Day 1 - Explore the city centre
Begin your day in the Irish capital on O’Connell Street, Europe’s widest street which has just been a massive facelift by the local council. Visit the GPO (General Post Office) and find the bullet holes in the columns, still there from the Easter Rising of 1916. Watch out for The Spire also, Europe’s tallest monument.
Walk down Henry Street, past Moore Street with its famous street traders where Molly Malone herself used to sell fish to Dubliners. From there go to one of Dublin’s most photographed landmarks, the Ha’penny Bridge. Cross the bridge and explore Temple Bar, Dublin’s tourist quarter.
After lunch visit Grafton Street, Dublin’s flagship shopping street. If you’re not in need of some retail therapy, visit the National Museum of Archaeology and History on nearby Kildrare Street.
Located on Lower Stephen Street Bia Bar does good food, particularly Monday-Thursdays (2 pizzas for €12 anybody?). It’s also a great bar to finish off the day.
Day 2 - Visit Ireland's number one tourist attraction
Dublin’s number one tourist attraction is the Guinness Storehouse and shouldn’t be missed. This huge building covers 7 floors, each dedicated to different aspects of the world-famous drink. You can easily spend two or more hours here, before finishing up in the Gravity Bar which overlooks the whole of Dublin.
Make your way back to the city centre and visit Tara Street DART Station. Take a DART (Dublin’s light-rail network) to Bray and back along Dublin Bay. Some of the views along the way are spectacular.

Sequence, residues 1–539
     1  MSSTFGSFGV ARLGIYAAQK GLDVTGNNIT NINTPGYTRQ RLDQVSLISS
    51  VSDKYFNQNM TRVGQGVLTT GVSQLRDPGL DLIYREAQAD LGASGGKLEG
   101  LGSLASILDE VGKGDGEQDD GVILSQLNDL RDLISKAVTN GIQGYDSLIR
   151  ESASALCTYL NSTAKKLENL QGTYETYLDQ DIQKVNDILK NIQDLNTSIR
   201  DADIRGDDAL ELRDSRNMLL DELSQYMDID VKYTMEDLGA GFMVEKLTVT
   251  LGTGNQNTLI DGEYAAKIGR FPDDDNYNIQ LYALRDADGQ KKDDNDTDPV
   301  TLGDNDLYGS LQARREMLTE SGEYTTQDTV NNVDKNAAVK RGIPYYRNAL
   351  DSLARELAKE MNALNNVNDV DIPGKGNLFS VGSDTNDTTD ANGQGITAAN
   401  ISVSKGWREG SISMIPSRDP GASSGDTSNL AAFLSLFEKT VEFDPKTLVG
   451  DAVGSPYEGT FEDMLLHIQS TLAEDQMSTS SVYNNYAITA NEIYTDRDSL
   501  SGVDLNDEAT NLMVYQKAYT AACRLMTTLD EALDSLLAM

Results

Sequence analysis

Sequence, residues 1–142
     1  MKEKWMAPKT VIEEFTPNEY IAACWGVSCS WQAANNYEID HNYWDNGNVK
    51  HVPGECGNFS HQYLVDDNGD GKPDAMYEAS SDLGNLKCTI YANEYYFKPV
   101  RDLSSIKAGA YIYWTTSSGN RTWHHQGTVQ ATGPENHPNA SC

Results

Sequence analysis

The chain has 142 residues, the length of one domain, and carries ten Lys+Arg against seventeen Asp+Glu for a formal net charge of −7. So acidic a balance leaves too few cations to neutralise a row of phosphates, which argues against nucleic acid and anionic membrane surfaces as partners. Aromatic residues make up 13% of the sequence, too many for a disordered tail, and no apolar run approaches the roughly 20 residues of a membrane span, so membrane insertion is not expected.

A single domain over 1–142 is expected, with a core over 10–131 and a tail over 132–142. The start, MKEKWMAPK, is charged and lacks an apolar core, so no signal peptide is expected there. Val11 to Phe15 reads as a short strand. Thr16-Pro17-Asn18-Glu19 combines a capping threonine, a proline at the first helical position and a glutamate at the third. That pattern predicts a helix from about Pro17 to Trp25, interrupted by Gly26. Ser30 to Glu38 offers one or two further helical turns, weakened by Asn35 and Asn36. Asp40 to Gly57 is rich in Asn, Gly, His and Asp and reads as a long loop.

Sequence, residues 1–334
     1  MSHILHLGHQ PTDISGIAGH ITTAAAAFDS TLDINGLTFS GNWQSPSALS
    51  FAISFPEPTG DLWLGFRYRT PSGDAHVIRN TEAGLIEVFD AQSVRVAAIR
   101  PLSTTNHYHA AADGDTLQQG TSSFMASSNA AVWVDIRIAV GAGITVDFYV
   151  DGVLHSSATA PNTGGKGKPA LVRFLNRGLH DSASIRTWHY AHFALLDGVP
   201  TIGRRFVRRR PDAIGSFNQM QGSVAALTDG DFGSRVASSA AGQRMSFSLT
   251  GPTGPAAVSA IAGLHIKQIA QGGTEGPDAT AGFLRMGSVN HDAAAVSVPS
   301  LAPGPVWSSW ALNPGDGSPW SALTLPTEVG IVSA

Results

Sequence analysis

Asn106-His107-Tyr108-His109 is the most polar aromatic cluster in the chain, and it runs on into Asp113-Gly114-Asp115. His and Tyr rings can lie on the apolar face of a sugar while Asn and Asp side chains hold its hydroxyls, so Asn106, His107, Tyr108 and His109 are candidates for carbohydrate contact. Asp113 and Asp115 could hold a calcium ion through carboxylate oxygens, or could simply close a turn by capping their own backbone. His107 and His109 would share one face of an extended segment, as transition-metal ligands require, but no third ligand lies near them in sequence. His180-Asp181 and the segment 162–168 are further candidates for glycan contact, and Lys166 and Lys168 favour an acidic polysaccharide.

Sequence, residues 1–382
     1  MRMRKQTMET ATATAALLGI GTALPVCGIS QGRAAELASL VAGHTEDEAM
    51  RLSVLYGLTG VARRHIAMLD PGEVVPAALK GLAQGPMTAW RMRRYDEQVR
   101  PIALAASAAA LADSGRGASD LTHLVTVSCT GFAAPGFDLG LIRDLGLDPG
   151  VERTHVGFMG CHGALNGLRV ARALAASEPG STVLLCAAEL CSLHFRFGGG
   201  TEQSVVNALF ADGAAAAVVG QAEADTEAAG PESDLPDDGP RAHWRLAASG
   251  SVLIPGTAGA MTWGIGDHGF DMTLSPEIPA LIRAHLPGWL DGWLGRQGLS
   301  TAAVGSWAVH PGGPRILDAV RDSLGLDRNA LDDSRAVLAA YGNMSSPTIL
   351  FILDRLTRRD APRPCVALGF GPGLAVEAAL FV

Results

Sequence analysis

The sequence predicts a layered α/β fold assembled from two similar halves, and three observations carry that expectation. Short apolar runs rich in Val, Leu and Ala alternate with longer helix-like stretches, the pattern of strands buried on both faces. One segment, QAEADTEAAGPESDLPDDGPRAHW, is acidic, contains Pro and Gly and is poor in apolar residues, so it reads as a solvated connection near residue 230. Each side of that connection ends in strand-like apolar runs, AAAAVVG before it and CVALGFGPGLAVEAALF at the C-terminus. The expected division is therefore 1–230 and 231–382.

Wagamamma on South King Street is a newish addition to the Dublin restaurant scene, but a very popular one. Specialising in Japanese fare, their reasonable meals draw hundreds every night, as does its laid-back atmosphere. It’s also just ten minutes from Camden Street/Wexford Street, one of Dublin’s liveliest strips.
Day 3 - A day of culture
Just as in cities in the UK, all of Dublin’s national museums are free. Two of these, the National Gallery of Ireland and the National Museum of Natural History are on Merrion Square, just five minutes walk from Grafton Street. The green itself, complete with its statue of Oscar Wilde, is a nice place to while away an afternoon if the weather is nice.
Over the opposite side of Grafton Street, but still within walking distance, is Dublin Castle. Built in the 13th Century, you walk around the grounds for free. It is also where you will find the Chester Beatty Library, another of Dublin’s most popular attractions.
Unashamedly gaudy, completely touristy and overpriced at the best of times, Temple Bar is still a must-see and no visit to Dublin is complete without a night out there. There are many pubs to choose from, but one of the most popular is the Temple Bar.